Serious misfortune was said to fall upon anyone who spun yarn on Maundy Thursday or Good Friday. The latter was also regarded as a most inappropriate day to do the laundry, for it was said that whoever boiled laundry on Good Friday cooked the blood of Christ. It was believed that a person who slept in a bed whose sheets had been washed on this day risked dying there within the year.

In some parts of the region, popular prohibition against doing the laundry seems to have once encompassed all of Holy Week for fear that it would result in someone in the family dying in the year ahead. However, Holy Week was also traditionally the time when many Bretons gave their house a thorough cleaning and revived the external whitewash.

In western Brittany, many people chose to fast from the evening of Maundy Thursday until noon on Good Friday; a day especially shrouded in superstitions. For instance, those who ploughed on Good Friday were said to make the earth bleed all year round. It was also considered particularly unlucky to slaughter any animal on this day or to sow any kind of grain. However, it was regarded an auspicious day for sowing cabbages, onions and pumpkins; onions were said to be protected from drought and insects if sown on this day, while the largest pumpkins were assured if sown in silence but in parts of eastern Brittany, pumpkins were believed best planted during Holy Saturday. Flax, once a very important crop in Brittany, was not sown during Holy Week for fear that the seed would be destroyed by fleas.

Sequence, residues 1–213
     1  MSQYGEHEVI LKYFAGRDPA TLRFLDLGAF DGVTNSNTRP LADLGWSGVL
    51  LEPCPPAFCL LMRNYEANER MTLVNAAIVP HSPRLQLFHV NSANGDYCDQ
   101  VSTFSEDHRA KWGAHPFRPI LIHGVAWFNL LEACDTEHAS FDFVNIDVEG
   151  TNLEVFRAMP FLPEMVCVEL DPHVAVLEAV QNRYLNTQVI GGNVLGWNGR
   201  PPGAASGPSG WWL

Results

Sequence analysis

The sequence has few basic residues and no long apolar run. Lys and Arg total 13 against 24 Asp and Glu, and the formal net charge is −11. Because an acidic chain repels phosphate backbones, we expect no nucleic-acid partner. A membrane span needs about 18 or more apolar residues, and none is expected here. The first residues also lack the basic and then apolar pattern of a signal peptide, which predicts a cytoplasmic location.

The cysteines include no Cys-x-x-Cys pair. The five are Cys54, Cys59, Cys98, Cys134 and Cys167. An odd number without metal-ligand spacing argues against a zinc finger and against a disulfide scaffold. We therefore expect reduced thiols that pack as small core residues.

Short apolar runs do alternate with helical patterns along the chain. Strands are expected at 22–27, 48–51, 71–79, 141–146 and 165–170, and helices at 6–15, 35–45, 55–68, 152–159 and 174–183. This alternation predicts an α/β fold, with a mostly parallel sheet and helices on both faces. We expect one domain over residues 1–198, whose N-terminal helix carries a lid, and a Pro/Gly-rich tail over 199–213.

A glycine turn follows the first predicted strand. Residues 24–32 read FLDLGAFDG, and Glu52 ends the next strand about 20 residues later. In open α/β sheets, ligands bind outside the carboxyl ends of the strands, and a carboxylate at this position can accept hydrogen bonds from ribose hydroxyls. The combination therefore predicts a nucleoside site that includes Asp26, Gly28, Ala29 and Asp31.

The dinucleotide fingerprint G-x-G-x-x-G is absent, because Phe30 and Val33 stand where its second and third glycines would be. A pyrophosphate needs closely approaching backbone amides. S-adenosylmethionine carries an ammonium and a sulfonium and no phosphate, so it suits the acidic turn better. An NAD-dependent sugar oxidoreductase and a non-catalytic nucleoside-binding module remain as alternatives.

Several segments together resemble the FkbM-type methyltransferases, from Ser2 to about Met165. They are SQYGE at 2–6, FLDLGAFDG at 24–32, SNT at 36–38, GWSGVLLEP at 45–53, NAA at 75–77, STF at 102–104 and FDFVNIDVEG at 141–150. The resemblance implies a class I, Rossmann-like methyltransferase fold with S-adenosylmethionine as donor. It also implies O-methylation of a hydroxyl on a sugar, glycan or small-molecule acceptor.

Easter Superstitions and Customs

Good Friday was the most auspicious day for grilling a sardine, which, when hung from the ceiling was said to protect the house from bothersome flies over the year ahead. Likewise, sprinkling a little broth, made of pork fat, into the ponds and streams nearest the house on Good Friday was recommended to shield one against the bothersome clamour of croaking frogs throughout the coming summer evenings. While the bread baked on that day was believed to hold special properties; if placed in a pile of wheat, it provided protection against mice and other annoying rodents.